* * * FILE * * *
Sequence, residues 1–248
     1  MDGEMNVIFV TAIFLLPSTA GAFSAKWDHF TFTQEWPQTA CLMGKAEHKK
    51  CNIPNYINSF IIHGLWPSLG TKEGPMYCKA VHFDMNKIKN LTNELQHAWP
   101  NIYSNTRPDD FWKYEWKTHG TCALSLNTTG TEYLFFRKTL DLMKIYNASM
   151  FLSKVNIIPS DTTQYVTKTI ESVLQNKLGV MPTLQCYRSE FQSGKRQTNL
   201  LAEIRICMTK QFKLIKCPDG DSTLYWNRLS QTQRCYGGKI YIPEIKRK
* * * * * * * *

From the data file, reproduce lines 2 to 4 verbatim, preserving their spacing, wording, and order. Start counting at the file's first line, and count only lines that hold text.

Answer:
     1  MDGEMNVIFV TAIFLLPSTA GAFSAKWDHF TFTQEWPQTA CLMGKAEHKK
    51  CNIPNYINSF IIHGLWPSLG TKEGPMYCKA VHFDMNKIKN LTNELQHAWP
   101  NIYSNTRPDD FWKYEWKTHG TCALSLNTTG TEYLFFRKTL DLMKIYNASM